Our September Round Robin Blog poses this question: Most novels have an easily understood point to make to the reader, do your stories ever have more subtle or intuitive themes?
GOOD QUESTION! I almost opted not to participate this month since every time this specific question comes up when I’m discussing a current work in progress with a critique partner, my answer is always “I don’t know.” Sometimes I wonder if it’s because I personally fail to ask myself those questions about my own life. When tragedy or hardship comes into my life, and there has been plenty, I never ask myself what lesson am I supposed to learn. I’ve been hurt. I’ve cried. I’ve had setbacks and hurdles to overcome, had my trust betrayed, my love scorned, lost precious family members far before their time. And yet, I never ask if there was a lesson to be learned. SO, maybe it’s me and my survivor approach to life that leaves me stumbling when someone asks what the theme of my story is.
But then I look back at my stories all written and published and I realize there were lessons to be learned, or themes if you prefer to call them that. Years ago, when my husband was coping with on and off sessions of chemo for cancer, he was a very unhappy man, even when he was in remission and going about his usual pursuits. We were speaking to a very wise counselor at one point who made the point that it was my husband’s job to find joy and pleasure in the good things in his life, but it was NOT everyone else’s job to make him happy, which was his default setting. That one comment gave me a great deal of comfort because I felt like I was failing as a wife; not loving him enough, not saying the right things, doing something wrong, not doing something right. And this man gave me permission to see that my husband’s happiness or lack was not my job. That lesson, unconsciously perhaps, found its way into my book WORRY STONE where my hero struggled with the toll of war and guilt and my heroine started out believing that her love would be enough to heal him. Both had to grow through that story -her to realize she couldn’t fix what was wrong and he to understand that he needed to ask for help, reach out, and fix himself. The same lesson winds its way through LOVING MEG.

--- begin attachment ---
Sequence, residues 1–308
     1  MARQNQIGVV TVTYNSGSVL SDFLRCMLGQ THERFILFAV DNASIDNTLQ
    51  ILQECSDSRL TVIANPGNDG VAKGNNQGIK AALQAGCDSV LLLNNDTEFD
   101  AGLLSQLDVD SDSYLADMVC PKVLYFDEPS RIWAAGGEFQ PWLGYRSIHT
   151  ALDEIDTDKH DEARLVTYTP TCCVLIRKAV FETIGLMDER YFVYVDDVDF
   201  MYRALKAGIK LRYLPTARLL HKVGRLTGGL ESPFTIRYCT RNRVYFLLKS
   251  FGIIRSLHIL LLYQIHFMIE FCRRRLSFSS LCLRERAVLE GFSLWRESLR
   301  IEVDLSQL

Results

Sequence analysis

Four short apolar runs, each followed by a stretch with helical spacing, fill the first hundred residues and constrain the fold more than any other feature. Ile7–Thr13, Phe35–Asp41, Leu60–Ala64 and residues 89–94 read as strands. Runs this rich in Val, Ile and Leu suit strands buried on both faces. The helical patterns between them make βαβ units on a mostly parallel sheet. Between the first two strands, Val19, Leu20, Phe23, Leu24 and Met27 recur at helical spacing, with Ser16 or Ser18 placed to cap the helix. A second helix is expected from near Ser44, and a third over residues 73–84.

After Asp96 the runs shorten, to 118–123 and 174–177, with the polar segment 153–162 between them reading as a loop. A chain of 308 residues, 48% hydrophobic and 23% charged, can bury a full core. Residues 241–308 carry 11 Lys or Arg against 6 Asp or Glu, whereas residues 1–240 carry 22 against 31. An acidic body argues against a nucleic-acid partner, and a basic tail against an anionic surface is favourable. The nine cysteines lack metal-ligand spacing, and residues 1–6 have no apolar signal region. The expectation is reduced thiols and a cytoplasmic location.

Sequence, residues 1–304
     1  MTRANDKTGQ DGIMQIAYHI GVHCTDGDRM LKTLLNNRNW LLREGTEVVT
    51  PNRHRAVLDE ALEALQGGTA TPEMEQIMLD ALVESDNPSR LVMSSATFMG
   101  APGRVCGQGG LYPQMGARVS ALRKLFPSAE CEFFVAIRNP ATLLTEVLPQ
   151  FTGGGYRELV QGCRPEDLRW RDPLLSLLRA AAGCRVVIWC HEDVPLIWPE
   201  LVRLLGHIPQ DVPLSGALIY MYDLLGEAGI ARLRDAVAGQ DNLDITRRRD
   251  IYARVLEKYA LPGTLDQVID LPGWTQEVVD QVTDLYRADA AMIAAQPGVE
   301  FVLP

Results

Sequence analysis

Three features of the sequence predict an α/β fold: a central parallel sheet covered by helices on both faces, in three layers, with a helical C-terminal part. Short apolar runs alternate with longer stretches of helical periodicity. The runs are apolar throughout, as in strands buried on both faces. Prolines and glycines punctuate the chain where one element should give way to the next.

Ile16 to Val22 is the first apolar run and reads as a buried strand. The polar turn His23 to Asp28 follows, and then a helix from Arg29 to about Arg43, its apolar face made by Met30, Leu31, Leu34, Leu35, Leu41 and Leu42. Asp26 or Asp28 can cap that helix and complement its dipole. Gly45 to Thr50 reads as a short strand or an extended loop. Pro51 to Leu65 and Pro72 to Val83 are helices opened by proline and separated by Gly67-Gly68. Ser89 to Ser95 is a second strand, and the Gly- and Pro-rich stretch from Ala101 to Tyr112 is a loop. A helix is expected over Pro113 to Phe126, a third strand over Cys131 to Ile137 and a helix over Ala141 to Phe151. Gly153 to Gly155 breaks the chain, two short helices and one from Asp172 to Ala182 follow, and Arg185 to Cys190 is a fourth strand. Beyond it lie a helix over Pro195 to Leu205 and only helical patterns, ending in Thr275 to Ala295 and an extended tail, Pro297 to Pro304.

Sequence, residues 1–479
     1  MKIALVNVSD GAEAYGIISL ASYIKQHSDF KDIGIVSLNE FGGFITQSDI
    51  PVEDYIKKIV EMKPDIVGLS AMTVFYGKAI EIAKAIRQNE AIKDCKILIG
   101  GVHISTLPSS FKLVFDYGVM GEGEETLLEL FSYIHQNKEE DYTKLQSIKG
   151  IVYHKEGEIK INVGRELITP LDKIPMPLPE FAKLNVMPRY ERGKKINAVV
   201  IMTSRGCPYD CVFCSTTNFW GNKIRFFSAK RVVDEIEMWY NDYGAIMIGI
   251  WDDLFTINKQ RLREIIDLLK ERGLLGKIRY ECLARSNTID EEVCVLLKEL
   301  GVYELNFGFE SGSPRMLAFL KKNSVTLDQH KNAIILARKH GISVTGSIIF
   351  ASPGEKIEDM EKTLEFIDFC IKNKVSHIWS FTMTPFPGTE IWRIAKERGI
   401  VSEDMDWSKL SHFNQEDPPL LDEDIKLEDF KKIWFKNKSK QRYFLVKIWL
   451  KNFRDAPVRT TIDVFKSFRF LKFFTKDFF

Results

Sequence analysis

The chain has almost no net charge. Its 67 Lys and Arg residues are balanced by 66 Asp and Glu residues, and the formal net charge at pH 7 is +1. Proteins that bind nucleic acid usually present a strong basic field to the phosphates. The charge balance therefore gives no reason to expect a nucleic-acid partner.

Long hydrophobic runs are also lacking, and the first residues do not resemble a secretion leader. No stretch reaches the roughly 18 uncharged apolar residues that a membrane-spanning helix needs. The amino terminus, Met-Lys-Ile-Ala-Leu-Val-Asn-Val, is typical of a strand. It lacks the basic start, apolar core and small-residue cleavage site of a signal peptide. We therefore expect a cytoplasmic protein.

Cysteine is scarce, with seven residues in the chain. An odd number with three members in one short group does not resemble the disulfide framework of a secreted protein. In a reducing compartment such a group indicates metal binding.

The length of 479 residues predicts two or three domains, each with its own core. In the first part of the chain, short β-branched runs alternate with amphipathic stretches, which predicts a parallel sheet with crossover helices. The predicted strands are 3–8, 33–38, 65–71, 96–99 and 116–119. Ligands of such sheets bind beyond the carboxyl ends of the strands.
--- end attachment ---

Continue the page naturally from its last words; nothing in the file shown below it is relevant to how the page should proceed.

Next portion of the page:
Another common theme that finds its way into several of my stories is that “second chance.” Opportunities to make changes in the direction of a life. Or a second chance to fix things that are broken. And sometimes just the courage to open a heart to love in spite of having previous hurt, either from betrayal of an unfaithful lover or the loss through death of someone close. That theme appears in one form or another in FALLING FOR ZOE, HEALING A HERO, TRUSTING WILL and KEEPING HIS PROMISE.
My mainstream novel, THE CANDIDATE, explores the themes of Honesty is the Best Policy and Be True to Oneself. The photo handed to Matt Steele at a campaign rally jerked him back to a time he’d done everything to forget, to emotions he never wanted to relive, and in the midst of a hotly contested race for the White House the photo challenges everything Matt thought he knew about himself. The choice he faces to put honor on the line could change the outcome of the election.
My new Jesse Quinn Mystery series is different. The main thought in my mind is – it’s a mystery to be solved. What other lesson should there be? But even as I say that there are always take-aways. Perry Mason was great at Don’t Judge a Book by its Cover, and Lieutenant Columbo was a master at Persistence Pays Off. In my mystery, BULLSEYE that theme might be “Be Suspicious of Conspiracy Theories.” Or, for any good detective, look at ALL the angles before zeroing in on a solution. Jesse overlooks one of the most obvious persons of interest as she and her partner chase down a theory that seems to have a lot of traction and in the end, that focus almost costs another detective his life. The second book in that series is still being written and as I consider themes while writing this blog, there are a few different threads so far. But then life always has more than one lesson to be learned and themes are often subtle. So, maybe I won’t know what the main theme is until I’ve typed the end. We’ll see…
In the meantime, check out some of my fellow Round Robin Blog Hoppers and find out if and how they incorporate themes into their stories.
Dr. Bob Rich
Rhobin L Courtright